We have said that hitherto the members of the Irvingite community have been honourably distinguished from other modern sects, notably the Plymouth Brethren, by their Catholic and Christian spirit, but we fear that a change is coming over them in this respect, perhaps as the natural consequence of disappointed expectation. We are told that in some quarters more of a narrow proselytising temper is springing up, and that they are adopting the tactics of the Romanists, in endeavouring to make clergymen of the Church of England dissatisfied with their position, by exaggerating all its defects and anomalies, and putting forward the claims of their own body to be the one ark of safety.
It is this conviction which has led to the work whose title stands at the head of our article ; but Mr. Miller shall speak for himself as to his reason for publishing an examination of the claims of the so-called Catholic Apostolic Church to a divine mission :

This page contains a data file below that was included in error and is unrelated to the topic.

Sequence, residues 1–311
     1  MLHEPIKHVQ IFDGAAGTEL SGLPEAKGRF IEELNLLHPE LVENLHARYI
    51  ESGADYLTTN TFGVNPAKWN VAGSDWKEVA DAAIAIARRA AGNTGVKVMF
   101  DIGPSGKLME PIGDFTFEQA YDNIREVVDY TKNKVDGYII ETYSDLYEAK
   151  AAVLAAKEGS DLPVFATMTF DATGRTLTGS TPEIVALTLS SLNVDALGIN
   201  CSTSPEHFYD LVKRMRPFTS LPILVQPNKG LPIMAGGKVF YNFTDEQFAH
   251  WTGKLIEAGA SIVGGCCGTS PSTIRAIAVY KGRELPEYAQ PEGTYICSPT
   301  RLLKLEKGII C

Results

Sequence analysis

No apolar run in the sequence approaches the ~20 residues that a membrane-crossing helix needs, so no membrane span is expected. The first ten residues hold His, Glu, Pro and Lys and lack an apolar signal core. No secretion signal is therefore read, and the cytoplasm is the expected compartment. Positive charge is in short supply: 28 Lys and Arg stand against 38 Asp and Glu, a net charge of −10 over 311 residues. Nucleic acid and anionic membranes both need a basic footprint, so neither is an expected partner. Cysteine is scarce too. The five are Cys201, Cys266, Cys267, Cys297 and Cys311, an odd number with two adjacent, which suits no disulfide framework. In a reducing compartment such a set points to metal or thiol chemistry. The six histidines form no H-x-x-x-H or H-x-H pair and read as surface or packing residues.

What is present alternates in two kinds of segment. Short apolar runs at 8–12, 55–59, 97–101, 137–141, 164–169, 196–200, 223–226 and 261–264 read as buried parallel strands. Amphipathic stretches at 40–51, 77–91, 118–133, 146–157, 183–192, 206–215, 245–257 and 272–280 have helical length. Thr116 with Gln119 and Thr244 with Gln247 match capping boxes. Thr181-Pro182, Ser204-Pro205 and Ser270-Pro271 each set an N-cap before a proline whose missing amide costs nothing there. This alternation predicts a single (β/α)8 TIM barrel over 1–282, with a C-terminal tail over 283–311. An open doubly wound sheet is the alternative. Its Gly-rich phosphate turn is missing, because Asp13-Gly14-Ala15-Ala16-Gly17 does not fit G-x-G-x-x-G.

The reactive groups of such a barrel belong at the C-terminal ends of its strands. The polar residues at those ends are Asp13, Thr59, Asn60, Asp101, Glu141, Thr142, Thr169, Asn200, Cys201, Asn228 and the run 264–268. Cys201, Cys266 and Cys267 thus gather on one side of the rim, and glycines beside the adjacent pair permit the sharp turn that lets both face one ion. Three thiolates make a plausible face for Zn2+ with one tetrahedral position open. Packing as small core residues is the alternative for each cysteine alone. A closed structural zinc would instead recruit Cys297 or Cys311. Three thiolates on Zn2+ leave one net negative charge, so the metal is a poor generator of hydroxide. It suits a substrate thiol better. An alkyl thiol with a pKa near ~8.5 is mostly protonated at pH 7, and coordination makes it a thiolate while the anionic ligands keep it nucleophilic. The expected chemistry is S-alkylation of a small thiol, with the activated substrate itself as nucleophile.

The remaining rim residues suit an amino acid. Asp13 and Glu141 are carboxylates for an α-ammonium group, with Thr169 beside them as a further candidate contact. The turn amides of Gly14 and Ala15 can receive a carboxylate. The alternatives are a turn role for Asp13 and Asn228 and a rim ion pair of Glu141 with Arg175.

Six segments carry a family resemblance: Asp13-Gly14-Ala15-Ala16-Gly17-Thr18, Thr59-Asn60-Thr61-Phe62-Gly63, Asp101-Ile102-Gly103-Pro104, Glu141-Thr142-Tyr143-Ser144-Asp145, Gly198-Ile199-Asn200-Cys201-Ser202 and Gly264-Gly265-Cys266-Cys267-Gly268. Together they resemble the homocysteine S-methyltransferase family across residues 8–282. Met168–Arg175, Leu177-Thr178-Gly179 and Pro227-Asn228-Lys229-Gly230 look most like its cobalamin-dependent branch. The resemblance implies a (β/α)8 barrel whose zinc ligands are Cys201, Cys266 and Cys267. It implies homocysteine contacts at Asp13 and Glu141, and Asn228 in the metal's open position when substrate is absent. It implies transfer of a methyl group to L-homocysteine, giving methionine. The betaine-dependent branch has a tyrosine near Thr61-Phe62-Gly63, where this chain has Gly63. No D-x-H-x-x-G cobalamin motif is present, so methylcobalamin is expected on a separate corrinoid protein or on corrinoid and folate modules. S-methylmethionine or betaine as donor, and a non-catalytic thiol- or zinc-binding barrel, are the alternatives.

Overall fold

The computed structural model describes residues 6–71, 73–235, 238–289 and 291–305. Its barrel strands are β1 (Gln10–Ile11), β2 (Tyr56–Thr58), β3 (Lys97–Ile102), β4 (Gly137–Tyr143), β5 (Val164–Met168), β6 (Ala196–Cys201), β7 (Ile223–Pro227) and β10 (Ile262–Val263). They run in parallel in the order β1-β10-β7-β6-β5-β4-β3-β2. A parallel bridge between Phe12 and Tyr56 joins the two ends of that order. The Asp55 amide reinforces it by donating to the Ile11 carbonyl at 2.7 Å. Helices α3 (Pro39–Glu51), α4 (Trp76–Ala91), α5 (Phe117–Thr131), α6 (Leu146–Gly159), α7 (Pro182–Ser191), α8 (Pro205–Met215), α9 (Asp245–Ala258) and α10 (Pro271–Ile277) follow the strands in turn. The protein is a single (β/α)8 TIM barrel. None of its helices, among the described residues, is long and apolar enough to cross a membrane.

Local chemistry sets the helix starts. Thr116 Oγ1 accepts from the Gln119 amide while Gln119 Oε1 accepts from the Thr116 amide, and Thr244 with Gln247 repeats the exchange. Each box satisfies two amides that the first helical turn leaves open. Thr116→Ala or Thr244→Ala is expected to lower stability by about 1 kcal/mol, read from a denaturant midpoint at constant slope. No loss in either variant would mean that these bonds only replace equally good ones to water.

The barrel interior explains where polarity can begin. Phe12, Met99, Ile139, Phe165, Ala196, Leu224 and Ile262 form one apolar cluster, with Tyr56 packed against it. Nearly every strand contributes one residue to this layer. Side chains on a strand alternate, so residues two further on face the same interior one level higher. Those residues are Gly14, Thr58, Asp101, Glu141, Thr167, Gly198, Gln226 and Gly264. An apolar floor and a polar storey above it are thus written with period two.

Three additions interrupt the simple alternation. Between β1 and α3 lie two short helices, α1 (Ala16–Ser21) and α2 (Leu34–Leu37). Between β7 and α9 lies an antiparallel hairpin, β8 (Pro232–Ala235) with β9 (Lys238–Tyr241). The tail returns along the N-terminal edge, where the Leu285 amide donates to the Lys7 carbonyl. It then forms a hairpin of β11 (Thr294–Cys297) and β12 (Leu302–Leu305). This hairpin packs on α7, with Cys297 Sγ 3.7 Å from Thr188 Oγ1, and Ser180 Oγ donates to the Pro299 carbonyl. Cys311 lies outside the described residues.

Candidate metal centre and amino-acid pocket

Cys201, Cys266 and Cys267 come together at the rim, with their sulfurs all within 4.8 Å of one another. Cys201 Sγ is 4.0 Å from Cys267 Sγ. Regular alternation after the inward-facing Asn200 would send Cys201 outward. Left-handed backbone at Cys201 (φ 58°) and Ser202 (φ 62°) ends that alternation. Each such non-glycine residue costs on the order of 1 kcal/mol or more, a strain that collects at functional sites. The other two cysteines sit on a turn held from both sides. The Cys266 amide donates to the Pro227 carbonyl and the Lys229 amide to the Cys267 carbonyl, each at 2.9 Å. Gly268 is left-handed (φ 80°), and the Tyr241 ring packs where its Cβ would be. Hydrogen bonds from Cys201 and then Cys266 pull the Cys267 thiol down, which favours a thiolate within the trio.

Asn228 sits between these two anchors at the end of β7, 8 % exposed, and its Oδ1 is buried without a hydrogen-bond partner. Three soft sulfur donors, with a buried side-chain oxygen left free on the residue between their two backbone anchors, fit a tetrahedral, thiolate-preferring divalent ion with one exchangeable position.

I have known clergymen younger than myself, whom I have regarded as men with a great promise of doing good in the Church of Christ, admit their demands.
“They have appeared to me, therefore, to require a careful examination at the hands of some one. And I have further thought that if the materials for forming a right judgment were collected into a convenient compass and made public, much good must of necessity ensue under the good Providence of Almighty God. Moreover, having myself made a careful examination by reading everything I could find anywhere, and by inquiry at head-quarters, and having become convinced that many good persons have been mistaken or deceived by a plausibility which some of the arguments put forward wear at first sight, I am anxious, with the Divine blessing, to strip off this plausibility, and by exhibiting the system in its true light, to win back, if possible, many souls to the Catholic Church of Christ, who have inadvertently been led into a positive schism. .